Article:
Oncology Central

T-VEC: what’s next for oncolytic virotherapy and immuno-oncology?

In this interview we speak with Kevin Harrington (The Institute of Cancer Research, London, UK) about his pioneering work in the development of T-VEC, the first oncolytic virotherapy that was approved by the US FDA. We also discuss the CheckMate141 trial and his upcoming work on improving outcomes for patients in whom combination treatments do not work the first time round.

What would you say has your greatest career achievement so far?

If I was looking back on a completed career at some point in the future, I guess one of the things that would give me the greatest sense of pride would be the fact that I had an involvement in the development and approval of the first oncolytic virotherapy that was approved by the FDA, subsequently by the EMA and then by other regulatory authorities around the world – T-VEC. We were involved in its development from the Phase I clinical trial and I was the UK principal investigator for the Phase II and the Phase III clinical trials and the data that accrued from that has subsequently led to the approval of this drug at a global level.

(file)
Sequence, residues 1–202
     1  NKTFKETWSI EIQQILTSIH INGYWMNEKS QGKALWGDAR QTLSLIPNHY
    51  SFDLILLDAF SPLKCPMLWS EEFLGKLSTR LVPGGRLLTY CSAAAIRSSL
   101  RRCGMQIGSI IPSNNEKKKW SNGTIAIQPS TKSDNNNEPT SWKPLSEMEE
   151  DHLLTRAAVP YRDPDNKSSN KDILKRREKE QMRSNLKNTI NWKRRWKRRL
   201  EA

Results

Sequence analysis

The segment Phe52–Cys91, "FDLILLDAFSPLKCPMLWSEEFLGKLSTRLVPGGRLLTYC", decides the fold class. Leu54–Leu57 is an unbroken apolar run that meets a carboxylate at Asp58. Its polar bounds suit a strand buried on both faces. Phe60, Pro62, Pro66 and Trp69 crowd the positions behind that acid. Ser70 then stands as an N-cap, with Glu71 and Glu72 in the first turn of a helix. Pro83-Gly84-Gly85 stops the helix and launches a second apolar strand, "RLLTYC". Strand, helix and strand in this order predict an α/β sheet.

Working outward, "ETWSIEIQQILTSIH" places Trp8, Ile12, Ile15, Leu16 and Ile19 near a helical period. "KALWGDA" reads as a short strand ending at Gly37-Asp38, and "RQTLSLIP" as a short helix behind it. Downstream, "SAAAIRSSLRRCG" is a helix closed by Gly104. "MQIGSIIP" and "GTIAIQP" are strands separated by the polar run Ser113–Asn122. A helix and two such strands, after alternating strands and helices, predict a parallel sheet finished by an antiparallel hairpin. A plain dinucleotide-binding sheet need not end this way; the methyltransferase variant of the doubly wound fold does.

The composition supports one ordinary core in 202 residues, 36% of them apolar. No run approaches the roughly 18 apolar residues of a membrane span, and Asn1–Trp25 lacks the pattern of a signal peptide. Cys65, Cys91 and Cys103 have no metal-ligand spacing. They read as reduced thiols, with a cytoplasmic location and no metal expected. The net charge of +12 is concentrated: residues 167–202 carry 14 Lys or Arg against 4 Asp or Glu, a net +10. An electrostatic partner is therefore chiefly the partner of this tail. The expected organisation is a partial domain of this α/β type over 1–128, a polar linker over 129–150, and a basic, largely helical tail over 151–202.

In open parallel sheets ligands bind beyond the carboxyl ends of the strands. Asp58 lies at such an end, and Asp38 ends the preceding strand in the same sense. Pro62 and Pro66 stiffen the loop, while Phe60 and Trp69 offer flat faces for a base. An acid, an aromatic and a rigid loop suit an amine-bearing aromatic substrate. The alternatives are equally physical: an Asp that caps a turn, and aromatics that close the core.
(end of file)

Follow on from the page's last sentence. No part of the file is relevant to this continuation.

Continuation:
Could you tell us more about the mechanism of action of T-VEC and details of the trials you mentioned?

T-VEC is a genetically modified herpes simplex virus type I, so the cold sore virus. The virus has been modified in a number of key ways which makes it a very elegant therapeutic. The first thing that was done was a new strain of the virus was isolated from an individual who had recurrent cold sores and this virus was quite a lytic virulent virus.

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